In the late afternoon Tizima found Leela in the center room of her house; this was always reserved as a place of meditation. Leela was never known to be a religious person until she arrived here on Cyclon…the newfound spirituality of her people often put her at odds with the standard Omniversalist beliefs of many of her friends back home. If she had time, she would often retire to a place like this to study the scrolls of the Lawgiver or read sayings from the prophet Kaleepa. On the far wall of the room hung a wooden engraving of Mt. Xyranthia, the holy mountain of her people, which was a common thing found in a cyclops household. Tizima waited a short while before speaking. “Miss Leela,” she said in a soft voice, “I made you some more tea.”

“Thank you…you can just leave it here for me.”

“I’ll leave you alone, miss…”

Leela reached out and gently grabbed her arm. “Tizi, please stay a minute.”

“Yes, miss.” Another quiet minute passed. “May I share your thoughts?”

Leela turned to speak with her. “Tizi, my mind and soul are like a whirlwind storm right now…I’ve just been told…they told me…”

“What did Owed tell you, miss?”

“He told me that I was to be the next Hatoka Ashanavan.”

Tizima suddenly got a joyful smile on her face. “Blessings be upon you, Miss Leela!”

“Don’t you understand? This means that a really terrible time is coming…I’m not the greatest on our people’s history, but the last mention I know of a Hatoka was during the Great Conflagration. By the hosts of heaven, are we really headed for something like that again?”

“Miss Leela, the scrolls tell us that we have to walk the path, and walk it with courage. Whatever comes, I feel more courageous just knowing that you will lead us.”

“Tizi, I don’t really know what I’m doing here. Not long ago I was just a pilot for a delivery company with a nice little apartment in New New York…now I’m being called to be a leader through a dark era on another planet?”

“Well, you told me that you were a captain of a ship…you’re already a leader. I have confidence in you – the hands here will have confidence in you as well.” Tizima moved in closer to look into Leela’s eye. “Leela, you have lived a life that few of us here have even dreamed of. Whatever you face, heaven will fit you for it. I’m not losing faith, so don’t you lose faith. You’ve studied well from the scrolls…you’ve just got to believe in what you’ve read.”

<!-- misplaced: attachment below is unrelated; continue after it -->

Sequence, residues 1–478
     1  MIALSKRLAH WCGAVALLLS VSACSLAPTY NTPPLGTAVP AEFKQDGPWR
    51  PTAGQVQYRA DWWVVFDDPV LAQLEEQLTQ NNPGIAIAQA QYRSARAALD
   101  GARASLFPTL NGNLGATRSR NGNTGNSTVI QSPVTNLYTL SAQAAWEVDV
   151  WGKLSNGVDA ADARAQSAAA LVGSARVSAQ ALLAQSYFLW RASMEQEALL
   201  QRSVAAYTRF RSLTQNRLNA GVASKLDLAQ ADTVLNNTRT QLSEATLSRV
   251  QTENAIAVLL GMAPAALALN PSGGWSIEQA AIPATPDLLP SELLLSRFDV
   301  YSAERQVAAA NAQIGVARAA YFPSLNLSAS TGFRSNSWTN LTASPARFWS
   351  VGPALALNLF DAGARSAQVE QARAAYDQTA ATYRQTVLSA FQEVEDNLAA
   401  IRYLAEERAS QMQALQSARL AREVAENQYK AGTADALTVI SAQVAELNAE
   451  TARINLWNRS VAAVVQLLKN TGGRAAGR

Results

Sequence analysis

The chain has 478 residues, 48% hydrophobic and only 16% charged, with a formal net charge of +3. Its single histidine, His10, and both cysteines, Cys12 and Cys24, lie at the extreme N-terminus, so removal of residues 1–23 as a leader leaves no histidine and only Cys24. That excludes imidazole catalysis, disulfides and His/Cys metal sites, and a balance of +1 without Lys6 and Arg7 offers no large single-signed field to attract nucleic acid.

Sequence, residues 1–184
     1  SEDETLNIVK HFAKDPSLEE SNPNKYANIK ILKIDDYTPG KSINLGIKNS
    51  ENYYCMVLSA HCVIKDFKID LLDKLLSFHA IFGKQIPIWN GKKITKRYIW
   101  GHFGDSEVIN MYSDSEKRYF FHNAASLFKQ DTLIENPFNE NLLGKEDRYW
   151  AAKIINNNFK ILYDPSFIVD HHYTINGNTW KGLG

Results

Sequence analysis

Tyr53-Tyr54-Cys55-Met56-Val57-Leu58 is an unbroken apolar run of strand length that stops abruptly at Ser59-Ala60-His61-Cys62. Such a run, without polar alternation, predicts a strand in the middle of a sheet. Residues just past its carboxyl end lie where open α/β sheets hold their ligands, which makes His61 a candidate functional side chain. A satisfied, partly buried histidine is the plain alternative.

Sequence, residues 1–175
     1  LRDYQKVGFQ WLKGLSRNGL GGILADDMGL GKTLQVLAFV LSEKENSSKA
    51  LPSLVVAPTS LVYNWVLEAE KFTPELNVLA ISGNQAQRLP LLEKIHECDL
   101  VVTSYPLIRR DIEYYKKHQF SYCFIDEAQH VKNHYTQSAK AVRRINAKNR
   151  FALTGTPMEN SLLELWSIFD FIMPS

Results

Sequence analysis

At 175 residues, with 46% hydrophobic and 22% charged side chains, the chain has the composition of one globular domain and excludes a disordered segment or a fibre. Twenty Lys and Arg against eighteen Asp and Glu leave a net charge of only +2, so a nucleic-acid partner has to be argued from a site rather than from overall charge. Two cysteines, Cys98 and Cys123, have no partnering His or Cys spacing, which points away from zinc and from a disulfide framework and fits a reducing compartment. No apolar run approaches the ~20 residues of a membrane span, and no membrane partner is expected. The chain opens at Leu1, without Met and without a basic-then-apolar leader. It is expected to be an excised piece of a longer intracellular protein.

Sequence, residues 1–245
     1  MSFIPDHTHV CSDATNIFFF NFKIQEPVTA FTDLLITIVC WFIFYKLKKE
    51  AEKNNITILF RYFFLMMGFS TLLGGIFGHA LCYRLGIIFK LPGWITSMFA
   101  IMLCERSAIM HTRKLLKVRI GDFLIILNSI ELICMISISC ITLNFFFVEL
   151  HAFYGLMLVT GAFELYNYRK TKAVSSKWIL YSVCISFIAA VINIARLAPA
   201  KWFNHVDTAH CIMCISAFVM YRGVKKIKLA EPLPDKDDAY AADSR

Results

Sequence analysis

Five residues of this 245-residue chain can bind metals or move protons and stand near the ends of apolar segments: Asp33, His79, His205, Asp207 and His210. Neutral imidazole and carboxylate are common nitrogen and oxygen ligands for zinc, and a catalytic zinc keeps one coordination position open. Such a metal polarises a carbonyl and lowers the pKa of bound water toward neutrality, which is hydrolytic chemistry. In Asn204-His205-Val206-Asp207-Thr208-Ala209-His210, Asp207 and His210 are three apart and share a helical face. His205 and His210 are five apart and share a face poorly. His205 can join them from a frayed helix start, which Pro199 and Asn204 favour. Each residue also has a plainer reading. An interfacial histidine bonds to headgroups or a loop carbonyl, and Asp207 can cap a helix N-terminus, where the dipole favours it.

“My God, Tizi…I’m scared to death…”

Tizima got up to leave. “You rest up in here,” she said, “but I’ll be expecting you for dinner Miss Leela.” She smiled, and silently left the room.

Leela awoke the next morning after a restless sleep filled with uneasy dreams. She dreamt about her mother and father, and her brothers, and the terrible clan battle many years ago that took her family away from her. When she got up she actually had thoughts of leaving the whole thing behind and going back to New New York to be with her family again…she missed Phil and the kids terribly. After she got dressed, she went outside to find that Owed and his people were busy at work. She got Ona out of her stable and got ready to ride off. Owed caught her. “Leela,” he asked, “where are you going?”

“I need to check some fencing on the southeast corner of the property.”

“Let me send one of my men with you.”

Leela cocked her head to one side. “Owed, I’ve ridden half of this planet in the last few months. Thanks, but I won’t need an escort. I know you mean well.”

“But it’s not safe…you being the one…”

“Owed, I appreciate the offer. The truth is that I had a lousy night sleep, and I really want to be alone for a while. I really love what your people are doing here, and I’ll be back soon to help you with the work. You can understand that, can’t you?”

“I know that you’ve got a lot of weight on your shoulders…be careful, little sister.”

Leela smiled and climbed onto Ona. “I’ll be back in time for lunch - I want to play with those kids some more when I get back.”

“Heaven will make a way for the Hatoka,” Owed told her with a smile. With that she rode off. How would she ever get used to being called a Hatoka? How could she possibly be one? What a huge thing to live up to…the savior of your people.

Leela had only made it half way out to the southeast corner when she spotted a person standing on the dusty plains. She slowed down to take a look at who it was, and wasn’t even shocked when she saw that it was Matron Zursa. She walked Ona up to her.